I'm hoping to be pleasantly surprised, but I have a feeling that anything that facilitates PDF handling is actually counter-productive.

Marc


Which means I'm quite as much sceptical as you. Nevertheless I thought the news is worth spreading and so I did.

PS
I see now - I should have written "might be".

[Edited at 2008-09-11 11:20]


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Samuel Murray  Identity Verified
Netherlands
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Importer versus converter Sep 11, 2008

Marc P wrote:
By definition, a PDF conversion routine has to "guess" the structure from the layout (layout is not the same as structure). OS conversion filters for PDF have existed for some time now (e.g. pdftohtml, KWord), but they are not very effective at reconstructing the original structure.


Yes, but you're talking about tools that convert PDF to text.

I got the impression that this news item is about a tool that will open PDF in such a way that it can be edited as PDF. Such tools exist already, but they are expensive.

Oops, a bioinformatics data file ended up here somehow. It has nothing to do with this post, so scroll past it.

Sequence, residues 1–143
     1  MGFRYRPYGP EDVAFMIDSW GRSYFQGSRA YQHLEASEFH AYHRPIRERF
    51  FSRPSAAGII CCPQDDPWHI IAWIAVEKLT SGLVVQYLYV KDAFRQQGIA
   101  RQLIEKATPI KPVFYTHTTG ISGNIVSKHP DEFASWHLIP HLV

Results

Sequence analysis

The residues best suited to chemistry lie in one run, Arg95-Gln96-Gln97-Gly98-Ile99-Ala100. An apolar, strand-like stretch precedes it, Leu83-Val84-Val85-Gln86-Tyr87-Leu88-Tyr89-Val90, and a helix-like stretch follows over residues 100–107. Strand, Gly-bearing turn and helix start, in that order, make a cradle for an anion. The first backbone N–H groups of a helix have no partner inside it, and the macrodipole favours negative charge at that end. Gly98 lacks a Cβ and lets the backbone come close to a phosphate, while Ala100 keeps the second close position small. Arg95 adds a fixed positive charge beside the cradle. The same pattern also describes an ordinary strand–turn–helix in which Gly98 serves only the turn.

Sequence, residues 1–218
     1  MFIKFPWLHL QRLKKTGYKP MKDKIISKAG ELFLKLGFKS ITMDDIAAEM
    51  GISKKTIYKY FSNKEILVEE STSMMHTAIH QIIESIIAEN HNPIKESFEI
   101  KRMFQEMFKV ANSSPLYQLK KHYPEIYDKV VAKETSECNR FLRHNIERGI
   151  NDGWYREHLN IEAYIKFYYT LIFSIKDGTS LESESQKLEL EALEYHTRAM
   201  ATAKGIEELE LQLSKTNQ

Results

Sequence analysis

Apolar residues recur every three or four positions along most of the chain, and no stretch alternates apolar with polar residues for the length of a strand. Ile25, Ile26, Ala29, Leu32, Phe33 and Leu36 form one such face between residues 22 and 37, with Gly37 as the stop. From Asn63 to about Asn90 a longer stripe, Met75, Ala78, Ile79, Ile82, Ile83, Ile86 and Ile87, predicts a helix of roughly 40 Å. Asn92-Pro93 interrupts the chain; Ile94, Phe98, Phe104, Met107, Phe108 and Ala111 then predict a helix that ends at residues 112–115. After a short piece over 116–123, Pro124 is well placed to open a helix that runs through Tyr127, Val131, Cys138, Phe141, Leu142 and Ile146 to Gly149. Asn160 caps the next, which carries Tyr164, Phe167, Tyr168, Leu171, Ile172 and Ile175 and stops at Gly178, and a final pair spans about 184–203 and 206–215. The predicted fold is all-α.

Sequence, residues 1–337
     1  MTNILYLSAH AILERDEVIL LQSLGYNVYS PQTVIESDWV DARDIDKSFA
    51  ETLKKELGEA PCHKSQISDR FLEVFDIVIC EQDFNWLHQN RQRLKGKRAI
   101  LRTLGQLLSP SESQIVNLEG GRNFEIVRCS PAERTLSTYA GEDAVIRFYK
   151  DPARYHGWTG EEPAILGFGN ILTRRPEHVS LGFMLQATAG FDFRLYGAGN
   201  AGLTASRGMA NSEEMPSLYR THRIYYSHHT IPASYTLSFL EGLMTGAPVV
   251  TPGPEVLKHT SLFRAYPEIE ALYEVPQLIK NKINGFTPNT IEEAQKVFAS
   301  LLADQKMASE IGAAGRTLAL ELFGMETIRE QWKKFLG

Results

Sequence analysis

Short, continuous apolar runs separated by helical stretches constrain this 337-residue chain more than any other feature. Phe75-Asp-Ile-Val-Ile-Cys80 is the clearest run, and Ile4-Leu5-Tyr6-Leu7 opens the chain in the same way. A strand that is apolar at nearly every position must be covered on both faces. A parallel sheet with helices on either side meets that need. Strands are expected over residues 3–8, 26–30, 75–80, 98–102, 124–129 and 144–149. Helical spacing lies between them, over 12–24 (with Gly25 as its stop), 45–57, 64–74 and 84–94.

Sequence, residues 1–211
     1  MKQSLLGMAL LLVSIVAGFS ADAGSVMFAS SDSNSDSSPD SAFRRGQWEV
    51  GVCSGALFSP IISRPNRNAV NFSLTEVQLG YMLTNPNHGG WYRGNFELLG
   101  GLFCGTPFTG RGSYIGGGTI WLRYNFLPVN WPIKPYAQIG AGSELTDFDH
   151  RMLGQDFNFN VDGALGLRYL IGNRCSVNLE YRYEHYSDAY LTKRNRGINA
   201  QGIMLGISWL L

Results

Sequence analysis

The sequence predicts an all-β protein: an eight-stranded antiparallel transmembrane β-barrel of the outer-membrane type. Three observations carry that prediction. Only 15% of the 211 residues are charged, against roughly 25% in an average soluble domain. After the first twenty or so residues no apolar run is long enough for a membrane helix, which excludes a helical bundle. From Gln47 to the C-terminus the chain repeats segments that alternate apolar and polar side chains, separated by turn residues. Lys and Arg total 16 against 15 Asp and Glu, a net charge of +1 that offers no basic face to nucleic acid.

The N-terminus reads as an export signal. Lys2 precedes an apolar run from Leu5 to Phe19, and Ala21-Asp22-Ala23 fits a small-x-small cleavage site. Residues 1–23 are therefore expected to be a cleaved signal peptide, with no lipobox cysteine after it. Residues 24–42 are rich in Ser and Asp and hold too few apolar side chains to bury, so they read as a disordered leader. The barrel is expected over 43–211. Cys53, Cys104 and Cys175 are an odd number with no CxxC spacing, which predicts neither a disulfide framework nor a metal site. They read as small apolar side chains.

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Jan Sundström  Identity Verified
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The price tag is the big news! Sep 11, 2008

Samuel Murray wrote:
Yes, but you're talking about tools that convert PDF to text.

I got the impression that this news item is about a tool that will open PDF in such a way that it can be edited as PDF. Such tools exist already, but they are expensive.


I'm with Sam here.

Tools that recreate the text layout from a PDF is nothing revolutionary, Abbyy FineReader has been doing this for a few years, at least half-decently.

The scoop here is that OO is open source and hence no costs involved, if you're on a budget.

For converting PDF into a fully editable layout, PDF2ID is the most advanced on the market so far:
http://www.recosoft.com/download/index.htm

But as Sam pointed out, the price tag is $249 (and even so it's only available for OSX!)


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ViktoriaG  Identity Verified